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Urban Oases: Pioneering the Future of Green Cities Against the Heat

The fast urbanization is taking its toll on urban environments. According to the American Environmental Protection Agency, the annual air temperature of a city with 1 million people is up to 3 degrees Celsius warmer than that in greener surroundings. The lack of public green spaces, such as parks, tree alleys, and gardens with local and native greenery is causing a vicious circle that is seemingly impossible to get out.

Namely, as we focus on adding as many buildings with as much concrete and glass as possible, we are also forcing people in those buildings to use as much air conditioning as possible. Modern materials absorb and re-emit heat, making walks down the streets unbearable. This leads to increased use of cars and increased levels of CO2, which, you guessed it, increases the air temperature.

Fortunately, architects and urban landscapers are starting to see the negative consequences of the decades-long neglect of green spaces in urban environments.

Green Cities are the Future

The concept of green urbanism is not new. In the United States, it originates from the late 19th century, although the concept of creating free, green public spaces was nothing new to Europe. According to some sources, the Sad Janka Kráľa in Bratislava was the first public park in the world, opened in the 1770s.

Green urbanism aims to make cities more sustainable while increasing the quality of life of its residents at the same time. It may include different concepts, such as:

  • Renewable energy sources;
  • Eco-friendly practices to decrease the climate impact and carbon footprint;
  • Sustainable transport;
  • Effective landscaping with native plants;
  • Local supply chains;
  • Urban gardening;
  • Water efficiency.

Main Goal of Green Urbanism

One of the main goals of green urbanism in the 21st century is to lower temperatures naturally, by reducing energy consumption, increasing the number of green areas in the city and improving the overall air quality. The change is seeded in the implementation of green roofs, vertical gardens, eco-friendly, yet insulating materials, and raising awareness of the dangers of urban heat islands.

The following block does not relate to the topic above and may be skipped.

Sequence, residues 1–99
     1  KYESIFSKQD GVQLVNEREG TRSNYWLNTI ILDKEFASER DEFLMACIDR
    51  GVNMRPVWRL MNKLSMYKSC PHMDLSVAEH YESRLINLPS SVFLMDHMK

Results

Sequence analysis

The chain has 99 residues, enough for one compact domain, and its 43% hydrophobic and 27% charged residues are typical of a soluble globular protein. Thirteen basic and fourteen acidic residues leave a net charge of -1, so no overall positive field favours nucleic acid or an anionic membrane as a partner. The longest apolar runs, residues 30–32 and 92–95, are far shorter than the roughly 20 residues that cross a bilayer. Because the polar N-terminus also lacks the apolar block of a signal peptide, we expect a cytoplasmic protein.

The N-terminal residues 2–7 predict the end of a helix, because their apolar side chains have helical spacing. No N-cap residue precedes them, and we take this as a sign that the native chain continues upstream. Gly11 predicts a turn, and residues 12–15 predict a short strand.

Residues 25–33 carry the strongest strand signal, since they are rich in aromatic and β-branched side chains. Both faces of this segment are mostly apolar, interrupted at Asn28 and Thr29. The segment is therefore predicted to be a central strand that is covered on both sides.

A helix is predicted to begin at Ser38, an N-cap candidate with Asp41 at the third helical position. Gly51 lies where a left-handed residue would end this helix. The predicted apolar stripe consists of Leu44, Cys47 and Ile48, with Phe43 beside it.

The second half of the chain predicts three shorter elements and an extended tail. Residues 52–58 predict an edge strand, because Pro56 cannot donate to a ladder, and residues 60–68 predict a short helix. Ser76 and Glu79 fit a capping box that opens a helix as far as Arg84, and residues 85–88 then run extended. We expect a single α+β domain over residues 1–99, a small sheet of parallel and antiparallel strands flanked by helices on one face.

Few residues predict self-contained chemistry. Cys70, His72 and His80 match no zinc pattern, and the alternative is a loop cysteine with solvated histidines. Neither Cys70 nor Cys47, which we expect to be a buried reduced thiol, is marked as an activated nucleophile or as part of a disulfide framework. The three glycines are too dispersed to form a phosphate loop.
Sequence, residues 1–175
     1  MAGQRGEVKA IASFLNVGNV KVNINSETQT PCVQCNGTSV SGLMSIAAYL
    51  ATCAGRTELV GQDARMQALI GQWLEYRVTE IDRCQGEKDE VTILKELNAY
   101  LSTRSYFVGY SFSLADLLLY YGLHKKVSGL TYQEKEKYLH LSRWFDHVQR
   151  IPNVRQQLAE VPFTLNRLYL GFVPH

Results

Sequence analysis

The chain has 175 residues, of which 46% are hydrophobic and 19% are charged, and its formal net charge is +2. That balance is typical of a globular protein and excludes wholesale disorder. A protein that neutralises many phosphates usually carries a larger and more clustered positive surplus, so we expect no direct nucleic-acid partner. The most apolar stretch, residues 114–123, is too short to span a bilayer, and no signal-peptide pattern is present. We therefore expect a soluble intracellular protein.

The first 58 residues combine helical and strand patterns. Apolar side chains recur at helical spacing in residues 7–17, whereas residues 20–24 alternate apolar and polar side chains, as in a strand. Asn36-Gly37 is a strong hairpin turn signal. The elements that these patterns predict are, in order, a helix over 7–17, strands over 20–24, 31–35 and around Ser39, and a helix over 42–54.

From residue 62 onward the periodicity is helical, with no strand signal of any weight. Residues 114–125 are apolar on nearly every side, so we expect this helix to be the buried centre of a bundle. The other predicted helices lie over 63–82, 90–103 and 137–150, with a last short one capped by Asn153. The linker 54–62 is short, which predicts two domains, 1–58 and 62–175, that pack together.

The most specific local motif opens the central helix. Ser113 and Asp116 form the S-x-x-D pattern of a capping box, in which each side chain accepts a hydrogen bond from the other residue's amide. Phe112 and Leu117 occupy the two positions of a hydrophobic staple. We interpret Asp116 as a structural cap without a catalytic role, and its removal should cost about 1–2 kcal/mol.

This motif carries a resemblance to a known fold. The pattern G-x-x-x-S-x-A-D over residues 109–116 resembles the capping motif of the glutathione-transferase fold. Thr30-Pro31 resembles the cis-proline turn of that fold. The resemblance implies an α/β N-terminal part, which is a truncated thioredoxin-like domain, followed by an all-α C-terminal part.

Challenges and Opportunities of Green Urbanism

The transition to green cities is not an easy fit that can be completed in a year. It takes careful planning, long-term thinking, and taking into account finances and all the technical complexities.

The Potential Impact of Digital Technologies on the Development of Green Cities

The use of digital technologies is often perceived as a solid method to lead the community towards greener practices. Let’s explain it by using the example of online casinos.

Online casinos are digital platforms. As such, they have a lower environmental footprint compared to traditional brick-and-mortar establishments. They eliminate many factors that make our cities often unbearable in the heat. Online casinos such help avoid light pollution, traffic congestion, and cooling and heating of large premises. Free access to the platform gives users the opportunity to receive bonuses, play slot machines with virtual currency and get acquainted with new casinos without leaving the comfort of their home.

urban oases

Examples of Successful Green City Projects

It is time to look at some green city examples and see how this problem was tackled in some of the biggest cities in the world.

Singapore As a Model of Urban Greenery

If you have ever been to Singapore, you know that the heat and humidity are intense there:

  • 99% of all private condominiums are air-conditioned;
  • The constant use of air-conditioning raised the average temperature by 0.5 in the last decade;
  • In 2019, it was published that the city is heating two times faster than other big cities with similar infrastructure.

That was a wake-up call, and today, Singapore is often referred to as the “Garden City”. The city-state is now putting effort into blending nature with urban development. Additionally, Singapore’s government mandates the incorporation of greenery in building designs, ensuring that urban development progresses in harmony with environmental conservation.

Copenhagen Leads in Climate Adaptation

By 2025, Copenhagen wants to be the first carbon-neutral capital in history. The new strategy is focused on sustainable public transportation, predominantly bicycle infrastructure. The campaign was so successful that 49% of citizens already use bikes as their preferred way of commute, compared to 35% only a decade ago. With an investment of 40 EUR per capita, the city changed the way it thinks and works!

Melbourne’s Urban Forest Strategy

Australian heat is no joke, yet not everyone takes it seriously. As the need for real estate increases, the green areas in the city are being reduced to the bare minimum. According to stats, Melbourne has lost almost 2000 hectares of tree cover in the past five years, and now it is trying to put an end to deforestation!

Melbourne’s Urban Forest Strategy plans to increase the city’s green space by planting 3,000 trees each year. This initiative not only addresses urban heat but also enhances biodiversity and improves air quality for generations to come.

Slow, But Necessary Change

Going green is a steady process that must consider existing infrastructure as well as future development, which makes it incredibly challenging. While it is impossible to tear down all inefficient buildings, many practices can be implemented almost instantly. Setting higher energy standards for future builds, announcing car-free zones, creating bike lanes, and even encouraging sustainable tourism are some of the easiest things any community can do to avoid the devastating consequences of rapid urbanism. Development with no plan or structure is, after all, a certain way to ruin.

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